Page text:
A visit to Prison Island – called after a prison that was never used as a prison – is listed as a top attraction in every guidebook (entry fee $4) under the heading of Zanzibar. I left feeling sorry for the prisoners on show today. Fishing boats line the harbour waiting to take the tide of tourists out to Changuu Island, aka Prison Island, Quarantine Island, and Kibandiko Island. Fares average about $15 each for the ~11km round-trip. We were fortunate to get the guy to detour to Chapwani Island – Grave Island – on the way back, so it was more than worth it.
Majid bin Said, the first sultan of Zanzibar, gave the island to a couple of Arabs who used it to house rebellious slaves before they were sold at the market in Stone Town or shipped abroad. The ring bolted to the floor in what is now the bar certainly evidences the use of chains.
Back in the late nineteenth century, Llyod Matthews, first British Prime Minister of Zanzibar, bought the island from the Arabs and built a prison for prisoners who never came. At the time, Stone Town was the major port in East Africa and sailors from different parts of the world brought more than their paycheques to the island – they brought disease. The prison was converted into a hospital in 1923 and it was to here that quarantine cases were taken from visiting ships, the main threat being Yellow Fever. Today, you can’t get into Zanzibar from the African mainland without showing your vaccination certificate for Yellow Fever. Even those over 60 who are exempted from the vacc have to show exemption certs.
With ships usually arriving from December to March, the island was largely unused for most of the year. It became a resort for European ex-pats and locals alike, with the numbers of visitors limited back then due to the lack of freshwater. How times have changed.
Today, it’s a government-run full-on tourist destination with the main attraction some giant Aldabra tortoises who mosey amongst the tourists taking the occasion leaf of cabbage from kids and adults alike anxious to get that photo moment of them feeding the giant creatures. If tortoises could look tortured, this is what I’d expect them to look like. Yes, they have space to move around freely. Yes, they get fed – perhaps overfed. But to be pestered relentlessly by the crowds borders on cruelty.
When watching the monkey in Jozani Forest, I wondered why tourists weren’t limited in numbers. I had the same thought here. Other places do it – the hypogeum in Malta allows 10 visitors each hour and you book in advance. Okay, there’s a difference in place and substance but methinks some control is needed. With 90% of the economy dependent on the tourist dollar, Zanzibar should look to conservation rather than exploitation.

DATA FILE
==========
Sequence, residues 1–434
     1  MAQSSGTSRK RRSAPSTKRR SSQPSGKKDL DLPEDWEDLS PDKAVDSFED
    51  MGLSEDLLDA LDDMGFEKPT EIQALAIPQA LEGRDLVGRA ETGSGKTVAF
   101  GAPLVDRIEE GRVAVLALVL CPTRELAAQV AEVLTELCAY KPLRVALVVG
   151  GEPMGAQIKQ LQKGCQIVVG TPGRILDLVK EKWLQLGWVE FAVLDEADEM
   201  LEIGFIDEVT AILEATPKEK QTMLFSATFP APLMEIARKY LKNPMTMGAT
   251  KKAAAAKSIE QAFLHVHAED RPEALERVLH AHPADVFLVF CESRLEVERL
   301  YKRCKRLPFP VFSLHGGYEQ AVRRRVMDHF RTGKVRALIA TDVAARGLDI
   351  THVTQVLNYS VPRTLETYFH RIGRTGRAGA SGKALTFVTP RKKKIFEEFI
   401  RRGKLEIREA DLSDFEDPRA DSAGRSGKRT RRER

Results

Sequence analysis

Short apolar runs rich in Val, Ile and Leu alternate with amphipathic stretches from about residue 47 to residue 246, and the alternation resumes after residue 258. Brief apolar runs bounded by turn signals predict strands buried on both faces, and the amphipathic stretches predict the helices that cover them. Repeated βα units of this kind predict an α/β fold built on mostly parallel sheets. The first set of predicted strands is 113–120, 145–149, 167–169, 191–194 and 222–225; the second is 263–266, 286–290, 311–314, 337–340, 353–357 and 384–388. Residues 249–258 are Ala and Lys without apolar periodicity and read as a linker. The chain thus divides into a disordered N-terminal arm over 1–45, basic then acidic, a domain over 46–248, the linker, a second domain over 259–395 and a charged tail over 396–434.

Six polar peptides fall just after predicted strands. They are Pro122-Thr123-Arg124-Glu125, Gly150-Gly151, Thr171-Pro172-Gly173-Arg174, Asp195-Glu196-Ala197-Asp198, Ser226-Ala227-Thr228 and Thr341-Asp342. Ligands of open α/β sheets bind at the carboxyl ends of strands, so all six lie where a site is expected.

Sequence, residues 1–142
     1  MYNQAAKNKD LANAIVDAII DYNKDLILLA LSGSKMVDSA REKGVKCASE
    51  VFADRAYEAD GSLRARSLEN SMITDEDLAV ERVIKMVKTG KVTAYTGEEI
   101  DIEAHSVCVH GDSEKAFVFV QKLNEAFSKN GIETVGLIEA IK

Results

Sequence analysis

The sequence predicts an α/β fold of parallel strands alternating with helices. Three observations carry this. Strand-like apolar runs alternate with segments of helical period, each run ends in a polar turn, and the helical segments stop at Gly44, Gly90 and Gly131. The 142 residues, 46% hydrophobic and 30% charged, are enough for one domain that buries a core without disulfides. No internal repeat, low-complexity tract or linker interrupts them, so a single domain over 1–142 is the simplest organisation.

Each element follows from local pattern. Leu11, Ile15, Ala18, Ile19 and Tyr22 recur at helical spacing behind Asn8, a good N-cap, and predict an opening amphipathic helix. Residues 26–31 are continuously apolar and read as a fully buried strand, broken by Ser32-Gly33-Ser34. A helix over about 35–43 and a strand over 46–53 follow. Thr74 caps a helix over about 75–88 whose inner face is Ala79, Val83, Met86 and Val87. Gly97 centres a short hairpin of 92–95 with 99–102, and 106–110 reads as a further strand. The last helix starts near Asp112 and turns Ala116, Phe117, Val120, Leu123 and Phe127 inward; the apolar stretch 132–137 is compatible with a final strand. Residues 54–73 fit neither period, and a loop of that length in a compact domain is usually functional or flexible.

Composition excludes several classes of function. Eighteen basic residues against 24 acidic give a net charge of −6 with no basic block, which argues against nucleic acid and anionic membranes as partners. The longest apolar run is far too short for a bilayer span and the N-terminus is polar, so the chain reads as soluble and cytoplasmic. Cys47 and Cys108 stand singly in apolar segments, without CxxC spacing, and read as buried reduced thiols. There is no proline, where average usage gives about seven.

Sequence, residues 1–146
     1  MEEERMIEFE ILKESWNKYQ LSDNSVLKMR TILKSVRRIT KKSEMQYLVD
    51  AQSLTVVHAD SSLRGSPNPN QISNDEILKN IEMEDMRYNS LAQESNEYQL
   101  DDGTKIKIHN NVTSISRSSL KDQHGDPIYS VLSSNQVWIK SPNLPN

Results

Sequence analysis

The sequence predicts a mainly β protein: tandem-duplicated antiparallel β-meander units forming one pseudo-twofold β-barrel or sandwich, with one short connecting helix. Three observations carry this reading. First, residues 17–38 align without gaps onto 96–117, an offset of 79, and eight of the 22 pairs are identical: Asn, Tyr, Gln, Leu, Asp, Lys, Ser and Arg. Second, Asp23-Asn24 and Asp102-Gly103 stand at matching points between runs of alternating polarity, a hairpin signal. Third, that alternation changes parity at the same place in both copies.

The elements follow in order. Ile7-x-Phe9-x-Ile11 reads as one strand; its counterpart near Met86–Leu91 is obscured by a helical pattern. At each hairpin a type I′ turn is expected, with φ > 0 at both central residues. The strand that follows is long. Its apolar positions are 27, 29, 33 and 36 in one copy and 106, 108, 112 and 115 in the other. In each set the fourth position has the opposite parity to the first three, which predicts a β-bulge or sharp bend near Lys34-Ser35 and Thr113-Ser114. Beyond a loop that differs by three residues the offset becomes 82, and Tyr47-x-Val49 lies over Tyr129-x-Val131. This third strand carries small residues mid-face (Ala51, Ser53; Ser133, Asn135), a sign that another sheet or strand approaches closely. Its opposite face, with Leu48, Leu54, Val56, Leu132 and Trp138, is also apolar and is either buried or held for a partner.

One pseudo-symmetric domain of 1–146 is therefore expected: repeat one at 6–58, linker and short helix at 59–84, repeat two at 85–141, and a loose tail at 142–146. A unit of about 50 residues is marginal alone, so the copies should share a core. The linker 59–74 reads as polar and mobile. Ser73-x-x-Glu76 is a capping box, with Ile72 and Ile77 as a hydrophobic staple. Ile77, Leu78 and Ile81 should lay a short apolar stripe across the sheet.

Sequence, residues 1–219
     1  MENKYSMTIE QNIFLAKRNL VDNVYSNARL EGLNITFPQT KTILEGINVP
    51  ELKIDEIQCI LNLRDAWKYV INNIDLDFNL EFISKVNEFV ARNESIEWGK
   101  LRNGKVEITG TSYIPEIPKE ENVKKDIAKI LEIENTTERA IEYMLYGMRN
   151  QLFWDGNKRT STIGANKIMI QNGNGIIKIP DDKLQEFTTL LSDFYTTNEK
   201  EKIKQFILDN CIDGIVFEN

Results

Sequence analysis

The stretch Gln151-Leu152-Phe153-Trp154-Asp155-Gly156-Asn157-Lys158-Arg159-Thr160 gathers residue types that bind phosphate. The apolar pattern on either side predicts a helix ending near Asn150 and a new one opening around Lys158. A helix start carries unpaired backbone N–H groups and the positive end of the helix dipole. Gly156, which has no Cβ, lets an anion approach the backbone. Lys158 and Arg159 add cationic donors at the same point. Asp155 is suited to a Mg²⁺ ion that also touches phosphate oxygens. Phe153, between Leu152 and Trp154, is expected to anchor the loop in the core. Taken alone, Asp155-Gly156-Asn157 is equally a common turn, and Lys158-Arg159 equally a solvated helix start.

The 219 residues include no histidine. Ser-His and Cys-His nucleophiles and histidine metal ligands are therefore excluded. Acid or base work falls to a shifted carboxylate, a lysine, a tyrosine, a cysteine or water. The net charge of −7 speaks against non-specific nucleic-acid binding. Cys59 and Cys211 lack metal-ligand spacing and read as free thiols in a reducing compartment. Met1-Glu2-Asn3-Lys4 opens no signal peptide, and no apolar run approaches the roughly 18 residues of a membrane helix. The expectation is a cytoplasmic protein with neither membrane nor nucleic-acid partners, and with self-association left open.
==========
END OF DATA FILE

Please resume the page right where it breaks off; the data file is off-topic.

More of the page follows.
The first four Aldabra were a gift from the British Governor of the Seychelles. The former residents of the Aldabra Atoll were shipped to their new home in Zanzibar in 1919. They’re huge: 122 cm (48 in) in length with an average weight of 250 kg (550 lb). And they can live for years. The oldest ever, Adwaita, who lived in Kolkata Zoo, died in 2006 aged 255. And they’re prolific breeders.
These tortoises bred quickly and by 1955 they numbered around 200 animals. However people began to steal the tortoises for sale abroad as pets or for food and their numbers dropped rapidly. By 1988 there were around 100 tortoises, 50 in 1990 and just 7 by 1996. A further 80 hatchlings were taken to the island in 1996 to increase the numbers but 40 of them vanished. The Zanzibar government, with assistance from the World Society for the Protection of Animals (World Animal Protection) built a large compound for the protection of the animals and by 2000 numbers had recovered to 17 adults, 50 juveniles and 90 hatchlings.
I had a hard time believing Mexican biologist José Antonio de Alzate y Ramírez who calls them the ‘ninjas of the tortoise world‘ as apparently they’ve been known to rear up on their back legs to get low-hanging leaves.
Today, there are holiday cottages on the island, complete with a tennis court (in this heat?) and swimming pool. The old European Bungalow is now a restaurant named after our man Matthews. Freshwater no longer comes from rainwater but via an undersea pipe from the mainland. And with plenty of water, comes plenty of tourists.
It was a little crowded for my taste and I wouldn’t be in a hurry back. I found the whole tortoise thing a little upsetting. But as we left, I saw the most amazing sight: local women making their way through the shallows to a local boat to get to the mainland. That alone was worth the trip.